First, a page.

Specialization Seminar in Philosophy of Knowledge and Epistemology


a) Gain a deep knowledge in the domain of Philosophy of Knowledge and Epistemology.
b) Gain the capacity to relate and confront in a systematic way different stances in the history of philosophy and ofcurrent philosophical research.
c) Gain a deep knowledge of borderline and/or interdisciplinary problems.
d) Gain competences in advanced research in the field.
e) Gain competences to identify, formalize, analyze and interpret problems, hypotheses, models, solutions, frompersonal research initiatives.
f) Gain the capacity to subject personal perspectives to a systematic confrontation with alternative possibilities.
g) Gain the capacity to produce texts according to the academic standards, which can contribute to the development ofthe area of specialization.

General characterization





Responsible teacher

Nuno Carlos da Silva Carvalho Costa Venturinha


Weekly - 2

Total - 280

Teaching language





COHEN, S. (1987) Knowledge, Context, and Social Standards. Synthese 73: 3-26.

DeROSE, K. (2009) The Case for Contextualism: Knowledge, Skepticism, and Context. Oxford: Oxford University Press.

FELDMAN, R. (2001) Skeptical Problems, Contextualist Solutions. Philosophical Studies 103: 61-85.

HAWTHORNE, J. (2004) Knowledge and Lotteries. Oxford: Clarendon Press.

ICHIKAWA, J. J., ed. (2017) The Routledge Handbook of Epistemic Contextualism. Abingdon: Routledge.

LEWIS, D. (1996) Elusive Knowledge. Australasian Journal of Philosophy 74: 549-567.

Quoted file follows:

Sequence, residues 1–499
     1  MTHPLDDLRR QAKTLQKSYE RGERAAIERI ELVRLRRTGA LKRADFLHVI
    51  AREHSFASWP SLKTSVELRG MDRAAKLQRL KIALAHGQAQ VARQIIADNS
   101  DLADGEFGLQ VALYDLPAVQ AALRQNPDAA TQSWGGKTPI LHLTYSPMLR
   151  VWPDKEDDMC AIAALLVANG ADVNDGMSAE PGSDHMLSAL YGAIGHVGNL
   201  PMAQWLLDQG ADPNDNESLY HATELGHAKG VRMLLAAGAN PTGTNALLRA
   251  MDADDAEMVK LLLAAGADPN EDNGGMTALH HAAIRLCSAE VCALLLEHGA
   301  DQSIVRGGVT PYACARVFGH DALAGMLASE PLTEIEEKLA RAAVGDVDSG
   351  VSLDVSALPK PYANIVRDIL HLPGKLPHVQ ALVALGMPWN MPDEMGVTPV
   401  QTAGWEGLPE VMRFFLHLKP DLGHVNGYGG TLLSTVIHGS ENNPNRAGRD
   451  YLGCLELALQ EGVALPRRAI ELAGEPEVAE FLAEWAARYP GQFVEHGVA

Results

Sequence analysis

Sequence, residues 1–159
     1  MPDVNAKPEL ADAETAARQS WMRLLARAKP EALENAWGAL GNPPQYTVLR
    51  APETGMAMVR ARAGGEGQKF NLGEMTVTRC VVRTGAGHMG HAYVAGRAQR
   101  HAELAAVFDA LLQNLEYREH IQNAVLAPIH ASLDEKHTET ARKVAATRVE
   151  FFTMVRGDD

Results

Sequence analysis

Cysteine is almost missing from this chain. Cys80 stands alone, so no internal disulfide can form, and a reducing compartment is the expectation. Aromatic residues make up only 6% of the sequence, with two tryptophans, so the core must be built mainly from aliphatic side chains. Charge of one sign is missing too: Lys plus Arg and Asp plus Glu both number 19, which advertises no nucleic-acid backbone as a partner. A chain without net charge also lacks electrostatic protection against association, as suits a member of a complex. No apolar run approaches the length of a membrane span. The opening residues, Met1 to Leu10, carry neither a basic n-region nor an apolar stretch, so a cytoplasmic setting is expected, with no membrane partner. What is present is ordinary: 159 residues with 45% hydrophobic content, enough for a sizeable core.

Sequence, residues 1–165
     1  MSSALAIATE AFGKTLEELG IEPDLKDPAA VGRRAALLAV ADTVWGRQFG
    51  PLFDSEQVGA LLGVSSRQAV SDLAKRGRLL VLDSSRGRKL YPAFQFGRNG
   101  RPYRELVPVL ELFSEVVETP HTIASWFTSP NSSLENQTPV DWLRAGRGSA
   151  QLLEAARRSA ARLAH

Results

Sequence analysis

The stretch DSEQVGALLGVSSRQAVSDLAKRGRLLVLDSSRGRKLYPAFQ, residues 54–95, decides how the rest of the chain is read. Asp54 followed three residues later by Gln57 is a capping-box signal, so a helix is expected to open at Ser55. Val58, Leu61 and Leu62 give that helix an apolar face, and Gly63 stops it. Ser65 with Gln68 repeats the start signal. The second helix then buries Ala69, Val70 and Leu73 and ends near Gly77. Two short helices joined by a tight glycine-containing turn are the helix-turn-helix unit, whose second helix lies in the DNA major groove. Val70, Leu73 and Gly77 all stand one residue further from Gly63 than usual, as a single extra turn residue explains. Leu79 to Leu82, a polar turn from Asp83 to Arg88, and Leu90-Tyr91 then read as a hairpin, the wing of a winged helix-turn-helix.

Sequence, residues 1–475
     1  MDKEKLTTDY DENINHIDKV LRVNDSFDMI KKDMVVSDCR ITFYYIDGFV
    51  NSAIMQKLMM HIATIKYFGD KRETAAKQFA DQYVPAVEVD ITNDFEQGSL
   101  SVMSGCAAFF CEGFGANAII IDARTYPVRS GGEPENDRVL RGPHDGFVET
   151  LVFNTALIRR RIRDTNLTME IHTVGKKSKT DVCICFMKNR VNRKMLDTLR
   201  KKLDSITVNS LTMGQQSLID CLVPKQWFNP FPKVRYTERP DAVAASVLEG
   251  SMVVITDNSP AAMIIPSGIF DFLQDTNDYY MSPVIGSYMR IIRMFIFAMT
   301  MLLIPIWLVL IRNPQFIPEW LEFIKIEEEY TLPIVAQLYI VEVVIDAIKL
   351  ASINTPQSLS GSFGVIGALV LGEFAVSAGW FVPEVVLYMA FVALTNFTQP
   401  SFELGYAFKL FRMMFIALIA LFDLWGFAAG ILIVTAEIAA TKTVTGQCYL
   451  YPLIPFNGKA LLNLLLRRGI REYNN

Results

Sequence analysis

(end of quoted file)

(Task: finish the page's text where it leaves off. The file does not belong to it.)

SOSA, E. (2004) Relevant Alternatives, Contextualism Included. Philosophical Studies 119: 35-65.

STANLEY, J. (2005) Knowledge and Practical Interests. Oxford: Clarendon Press.

WILLIAMSON, T. (2005) Contextualism, Subject-Sensitive Invariantism and Knowledge of Knowledge. The Philosophical Quarterly 55: 213-235.

WRIGHT, C. (2005) Contextualism and Scepticism: Even-handedness, Factivity and Surreptitiously Raising Standards. The Philosophical Quarterly 55: 236-262.

Teaching method

The teaching method adopted for the class combines readings and commentaries on texts in seminar along with discussion of student papers.

Evaluation method

Each student is required to write a paper (60%) that will be presented and discussed in class (40%).

Subject matter

Epistemic Contextualism and Its Critics

Epistemic Contextualism (EC) seeks to explain epistemic predicates in terms of the same semantic factors that account for our use of gradable adjectives. The idea is to regard sentences of the form "S knows that p" as obeying to different epistemic standards that are made salient in the conversational context. These standards can be higher or lower, that is, more or less epistemically demanding, and will determine in each case what counts as "knowledge", a totally relative concept from the contextualist point of view. However, if EC is also committed to eradicating radical scepticism, then its critics are right in stressing that a relativist account of "know" leaves the sceptical challenge untouched. This seminar discusses seminal contributions to EC, the main criticisms levelled at it and a major strand of thought in contemporary epistemology that reacts against traditional contextualism: subject-sensitive invariantism.


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